Medical Screening; AIDS, Rights, and Health Care Costs

By Rothstein, Mark A. | National Forum, Fall 1989 | Go to article overview

Medical Screening; AIDS, Rights, and Health Care Costs


Rothstein, Mark A., National Forum


Medical Screening

AIDS, Rights, and Health Care Costs

The epidemic of acquired immune deficiency syndrome (AIDS) is the most dramatic, pervasive, and tragic medical event in recent history. AIDS has caused a reassessment of our society's approaches to public health strategy, health care resource allocation, medical research, and sexual behavior. It has affected virtually all of our institutions and our culture. Sadly, those effects will continue to be felt for the foreseeable future.

The first cases of AIDS were identified in 1981, but after ten years there will have been at least 270,000 cases of AIDS in the United States, causing more than 179,000 deaths. There are currently one to two million people in the United States infected with the human immunodeficiency virus (HIV) associated with AIDS and most of these people will probably die of AIDS-related causes. Indeed, the "null hypothesis" postulates that all who have HIV will eventually succumb to AIDS.

Three distinct conditions after infection with HIV are the seropositive state, AIDS-related complex (ARC), and clinical or "full blown" AIDS. In the seropositive state, blood tests reveal the presence of antibodies to HIV, indicating infection with that virus. Most people become seropositive within two or three months of infection. As many as ten million people worldwide are estimated to be seropositive. Although a seropositive person does not show symptoms of ARC or AIDS and may not develop such symptoms for many years, he or she does carry the virus and can transmit it to others.

A person who is seropositive may develop ARC or AIDS. ARC causes moderate damage to the immune system and is characterized by nonspecific symptoms of illness. Under the Centers for Disease Control (CDC) definition for ARC, at least two of the following clinical signs lasting three or more months must be present: fever, weight loss, lymphadenopathy, diarrhea, fatigue, and night sweats. There must be two laboratory findings; a low number of T-helper cells and a low ratio of T-helper to T-suppressor cells. Additionally, there must be at least one of the following: low white blood cell count, low red blood cell count, low platelet count, and elevated levels of serum globulins.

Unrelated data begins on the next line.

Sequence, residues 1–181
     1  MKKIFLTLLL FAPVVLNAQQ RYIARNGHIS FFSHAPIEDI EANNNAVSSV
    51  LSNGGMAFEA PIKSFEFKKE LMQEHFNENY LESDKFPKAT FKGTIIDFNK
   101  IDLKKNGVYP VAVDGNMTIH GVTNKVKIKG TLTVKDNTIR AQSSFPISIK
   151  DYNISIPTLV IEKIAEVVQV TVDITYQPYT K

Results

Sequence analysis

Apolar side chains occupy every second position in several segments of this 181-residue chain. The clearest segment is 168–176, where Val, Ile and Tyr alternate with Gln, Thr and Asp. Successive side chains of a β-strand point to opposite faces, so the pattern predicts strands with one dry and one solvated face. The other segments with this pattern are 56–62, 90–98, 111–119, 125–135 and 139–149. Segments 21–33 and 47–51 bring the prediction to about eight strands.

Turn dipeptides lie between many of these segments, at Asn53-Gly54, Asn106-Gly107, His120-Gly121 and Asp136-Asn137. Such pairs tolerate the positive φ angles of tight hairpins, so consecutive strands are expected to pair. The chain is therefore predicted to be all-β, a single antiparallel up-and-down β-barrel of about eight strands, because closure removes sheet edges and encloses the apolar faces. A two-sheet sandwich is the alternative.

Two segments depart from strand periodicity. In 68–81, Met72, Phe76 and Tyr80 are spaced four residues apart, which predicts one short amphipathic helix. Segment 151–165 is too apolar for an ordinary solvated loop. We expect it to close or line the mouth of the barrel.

Clinical AIDS represents a major collapse of the immune system, which allows opportunistic infections and Kaposi's sarcoma (a rare dermal malignancy) to invade the body. About half of all patients die from pneumocystis carinii pneumonia, which is extremely rare in persons whose immune systems are working properly. The incubation period for the disease--the time between the initial infection by the virus and the onset of AIDS--has so far been reported to be up to seven years, with the average being four and a half years. AIDS is fatal, on average, two years after diagnosis.

The virus spreads from infected persons either by anal or vaginal intercourse or by the introduction of infected blood (or blood products) through the skin and into the bloodstream, which may occur in intravenous (IV) drug use, blood transfusion, or treatment of hemophilia. In addition, it can spread from an infected mother to her infant during pregnancy or at the time of birth. Studies show no evidence that the infection is transmitted by so-called casual contact--that is, contact that can be even quite close between persons in the course of daily activities. Thus, there is no evidence that the virus is transmitted in the air, by sneezing, by shaking hands, by sharing a drinking glass, by insect bites, or by living in the same household with an AIDS sufferer or an HIV-infected person.

Because HIV is transmitted almost exclusively in certain narrow circumstances, the CDC has been able to classify almost all people with AIDS into six groups: (1) sexually active homosexual and bisexual men (seventy-four percent); (2) heterosexual intravenous drug abusers who share injection needles (seventeen percent); (3) heterosexuals who have intercourse with people who are seropositive or at high risk (four percent); (4) hemophiliacs who have received contaminated blood-clotting factor products (one percent); (5) other people who have received transfusions of contaminated blood (two percent); and (6) newborn infants of infected mothers (one percent). …

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